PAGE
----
The Loon balloons are designed to create extra web capacity for specific locations in times of crisis, such as after a natural disaster. Given what's just happened in Nepal, where an earthquake left one of the world's poorest countries in dire need of communications infrastructure, that's a compelling idea. What's more, Google bought solar-powered drone maker Titan Aerospace last year, so it has the ability to make this happen.
"Loon is interesting because it's based on large numbers of inexpensive devices providing a wide area of coverage, mostly focused on deprived areas," says Fisher, of Builtvisible.
"If it comes to fruition, something like Loon is bound to be a better option than satellite connections, especially given that it negates the need for expensive rocket launches to put satellites into space, but it will still pale compared with a traditional cable connection."
Access via satellite is the easiest way to reach remote areas, but Facebook and Google are trying to keep costs down. Loon itself is essentially an effort to replicate a satellite network, although the polyethylene plastic balloons themselves stay afloat for only 100 days.
However, those in the satellite business think otherwise. Google is keen on "moon-shot thinking", but it's Elon Musk - PayPal founder and owner of SpaceX - who has the best track record of getting into orbit. The SpaceX Dragon capsule has been back and forth to the International Space Station many times on the company's Falcon 9 rocket, which gives its global satellite internet network some credence.
Musk plans to launch (again using Falcon 9) a constellation of 4,000 satellites around the globe to beam a Wi-fi signal to the most remote regions, instantly turning his company from a space industry start-up into a global communications provider. But the cost of creating such a vast network makes is just as ambitious as Musk's stated aim of one day helping to populate Mars.
Outernet also has an out-of-this-world vision - free, anonymous, unrestricted and uncensored web access for every person on earth. The New York-based company plans to launch a fleet of small, low-cost satellites called cubesats, then distribute many more portable, solar-powered Wi-fi receivers. Although free internet from space is a laudable goal, it will be limited to 10 megabytes per person per day.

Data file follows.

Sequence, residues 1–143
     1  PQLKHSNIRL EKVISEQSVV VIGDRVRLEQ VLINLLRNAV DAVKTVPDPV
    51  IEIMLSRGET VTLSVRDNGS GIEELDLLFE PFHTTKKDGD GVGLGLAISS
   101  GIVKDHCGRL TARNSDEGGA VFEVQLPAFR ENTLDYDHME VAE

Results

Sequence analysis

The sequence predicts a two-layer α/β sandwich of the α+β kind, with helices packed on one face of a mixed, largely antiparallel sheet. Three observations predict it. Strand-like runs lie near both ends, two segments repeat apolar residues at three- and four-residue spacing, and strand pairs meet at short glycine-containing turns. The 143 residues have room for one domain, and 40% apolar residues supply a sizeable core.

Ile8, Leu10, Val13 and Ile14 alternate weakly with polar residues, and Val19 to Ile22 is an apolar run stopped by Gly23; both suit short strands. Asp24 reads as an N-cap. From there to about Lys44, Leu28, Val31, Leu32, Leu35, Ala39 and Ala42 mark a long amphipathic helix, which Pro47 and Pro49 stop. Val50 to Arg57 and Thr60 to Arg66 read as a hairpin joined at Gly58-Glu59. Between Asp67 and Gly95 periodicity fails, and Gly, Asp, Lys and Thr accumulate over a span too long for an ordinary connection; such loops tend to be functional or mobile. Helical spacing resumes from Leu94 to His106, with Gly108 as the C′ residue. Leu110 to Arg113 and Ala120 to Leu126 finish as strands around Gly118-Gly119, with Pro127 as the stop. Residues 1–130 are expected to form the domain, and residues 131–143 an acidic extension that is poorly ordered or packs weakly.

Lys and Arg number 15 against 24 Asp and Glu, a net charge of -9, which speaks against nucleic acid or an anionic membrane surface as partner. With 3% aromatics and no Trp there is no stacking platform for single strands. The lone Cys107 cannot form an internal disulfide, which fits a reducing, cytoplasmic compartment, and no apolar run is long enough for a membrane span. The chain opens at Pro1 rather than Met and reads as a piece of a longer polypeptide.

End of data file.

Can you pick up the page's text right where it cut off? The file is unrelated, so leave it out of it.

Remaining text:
Concepts such as these might seem wildly ambitious and unlikely to come to fruition, but they underscore just how big the problem of internet equality is. "The diversity of the projects aimed at getting underserved areas online is telling," says Fisher, who advocates novel technology to bring data to remote corners of the globe. The biggest challenge is to remain cost-effective.
Serious innovation is required, with expensive failures and false starts inevitable. Few companies can soak up that challenge, which is why the involvement of SpaceX, Google and Facebook is so important.
"Many of those projects seem outlandish in nature, but we're unlikely to get a solution right the first time," says Fisher, who draws a parallel with the first submarine cable systems.
"The first functional cables lasted only long enough to transmit a couple of messages, but they demonstrated an important principle," he says.
It was only with functional innovations around cable insulation and signal repeating that the vast global network eventually became what is known as the internet, he adds.
"I think we'll see the same happen here: first attempts like Project Loon will probably find limited success, but they'll form an important knowledge base to build upon."
For now, a truly World Wide Web is still just a concept. For more than half of the world's population, regular internet access is a fantasy, with fast broadband restricted to a clique of rich countries in Asia, North America and Europe.
Has the internet reached its limit? No, but those out to create a truly global internet are hoping the sky will not be the limit.